The principals and activities directors from both the sending and receiving school agree that varsity competition eligibility should be considered.
4.How do I request a Transfer Eligibility Review?

When you enrolled at your new school [receiving school] and indicated an interest in participating in athletics, the school compiled information and submitted a student transfer report to the MSHSL. The transfer report contains general information on your previous school(s) and the reason for your transfer. Based on this information, the receiving school makes aninitial eligibility determination. That determination is sent to the MSHSL for review to ensure compliance with MSHSL bylaws and policies.

If you are determined ineligible, you can request further review by the MSHSL. Visit with the athletic director at the Receiving School and request a Transfer Eligibility Review. The athletic director will submit the request and supporting documentation to the League for review.

All denied Transfer Eligibility Review requests for varsity competition eligibility will be reviewed by the MSHSL Board of Directors Eligibility Committee for further review or referral to an Independent Reviewer. Ultimately, the final decisions on eligibility will be made by the MSHSL Board of Directors.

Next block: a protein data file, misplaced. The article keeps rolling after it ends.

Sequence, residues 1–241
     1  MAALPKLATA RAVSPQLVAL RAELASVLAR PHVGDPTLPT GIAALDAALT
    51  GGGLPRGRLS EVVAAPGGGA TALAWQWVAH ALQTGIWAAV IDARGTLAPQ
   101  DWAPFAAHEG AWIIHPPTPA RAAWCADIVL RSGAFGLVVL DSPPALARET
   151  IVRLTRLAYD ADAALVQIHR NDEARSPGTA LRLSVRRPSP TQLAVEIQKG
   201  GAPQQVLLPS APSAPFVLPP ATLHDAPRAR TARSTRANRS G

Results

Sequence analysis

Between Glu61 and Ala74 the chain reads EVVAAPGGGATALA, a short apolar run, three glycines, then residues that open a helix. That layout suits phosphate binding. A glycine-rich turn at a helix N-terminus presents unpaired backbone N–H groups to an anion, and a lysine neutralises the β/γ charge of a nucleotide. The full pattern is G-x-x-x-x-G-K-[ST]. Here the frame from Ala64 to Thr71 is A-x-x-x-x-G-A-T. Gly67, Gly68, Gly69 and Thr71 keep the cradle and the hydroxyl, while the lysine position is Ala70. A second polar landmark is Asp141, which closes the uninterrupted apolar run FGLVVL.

5.What types of information and documentation should I provide in support of my request for a Transfer Eligibility Review?

You should provide a written explanation and documentation supporting your request for review. This is your opportunity to support your request for eligibility so please submit whatever relevant documentation/information you have. Below are common types of documentation the MSHSL looks for under each of the seven review options:
1. Internal district policies (for transfers in districts with multiple high schools)
  • The district policy or policies that precipitated the transfer
  • Correspondence from the school district describing the circumstances of the transfer
    2. Adoption, abandonment, or death of a parent
  • Adoption Decree, death certifi cate, CHIPS order
    3. Substantial negative change in the economic status
  • The MSHSL typically considers three years of tax returns showing a negative change in the Adjusted Gross Income.
  • You are encouraged to submit any other documentation showing a negative change in economic status. For example, employer notification indicating the recent loss of income or loss of employment, disability determinations from a medical professional or government agency that indicate a reduction in the ability to be employed.
  • NOTE: Discretionary spending decisions will generally not be considered to be a negative change in economic status.
    4. School Bullying/Harassment
  • Documentation that a complaint was made under the district policy prior to the transfer
  • A report from the sending school that it has investigated and determined a case of bullying or harassment pursuant to Minnesota Statute 121A.03 and 121A.031.
  • Any other documentation of bullying or harassment at the sending school
    5. Administrative Error